As Apple’s battle with the FBI drags on, the company’s senior vice president of software and services Eddy Cue has sat down with Univision to discuss the case. In the interview, Cue echoes much of what his colleagues have said before regarding the case, including that it should be decided in Congress and several other points.
legal Stories March 9, 2016
legal Stories March 7, 2016
As Apple continues to fight a court order asking it to unlock the iPhone of one the San Bernardino gunmen, the company is also involved in a similar case in New York. Last week, a New York judge ruled that the government couldn’t force Apple to unlock a device, but now, Reuters reports that the Department of Justice is fighting the ruling and is again citing the All Writs Act as reasoning.
legal Stories March 3, 2016
Apple and the FBI are set to start its court battle for the San Bernardino case in a couple of weeks, March 22nd. In support for Apple’s position, over 40 companies, organizations and individuals will file amicus briefs later today to rally against the government order for Apple to compromise its own iPhone security measures. Facebook, Google, Dropbox, Microsoft, Snapchat and more will sign on to briefs in the case, according to sources.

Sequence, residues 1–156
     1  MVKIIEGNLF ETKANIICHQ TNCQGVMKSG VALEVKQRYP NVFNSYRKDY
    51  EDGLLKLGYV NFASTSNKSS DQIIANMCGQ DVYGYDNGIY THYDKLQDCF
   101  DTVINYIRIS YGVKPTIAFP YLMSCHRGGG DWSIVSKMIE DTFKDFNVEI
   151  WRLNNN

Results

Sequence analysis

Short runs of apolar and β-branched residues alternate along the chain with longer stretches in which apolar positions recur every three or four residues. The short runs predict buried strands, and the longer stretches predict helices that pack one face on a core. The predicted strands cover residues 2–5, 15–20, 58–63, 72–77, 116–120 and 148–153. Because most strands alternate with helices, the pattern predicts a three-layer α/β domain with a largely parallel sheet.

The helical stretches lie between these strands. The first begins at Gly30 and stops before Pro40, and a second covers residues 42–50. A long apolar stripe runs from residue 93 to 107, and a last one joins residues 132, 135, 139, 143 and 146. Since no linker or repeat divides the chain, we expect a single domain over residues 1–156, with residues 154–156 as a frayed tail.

Via The New York Times, support was not immediate. Company execs were initially worried about the consequences on the industry if Apple lost out to the FBI. Bloomberg reports Samsung supports the idea of encryption but will not commit to file an amicus brief for its smartphone rival, the Samsung statement said it remains undecided on its court position …
legal Stories February 27, 2016
Following the revelation that Apple’s top lawyer Bruce Sewell will testify before Congress this coming week over encryption, another attorney for the company has sat down with CNN to discuss the ongoing case. In the interview, current Apple representative and former United States solicitor general Ted Olson discussed how what the government is asking Apple to do is “limitless.”
An appeals court on Friday overturned a ruling that would have forced Samsung to pay $120 million in damages to Apple for patent infringement, reports Reuters. In this specific case, one of several patent battles between the two companies, Apple claimed that Samsung infringed on its “quick links” patent.
legal Stories February 18, 2016
Following Apple’s refusal to unlock an iPhone 5c used by one of the San Bernardino gunmen, the Wall Street Journal reports that the Senate Intelligence Committee Chairman Richard Burr, a Republican out of North Carolina, plans to propose a new bill that would impose criminal penalties on companies that don’t comply with those types of orders. Citing people familiar with the matter, the report says that Burr’s plan isn’t finalized yet and that it’s unclear how many other lawmakers support the idea.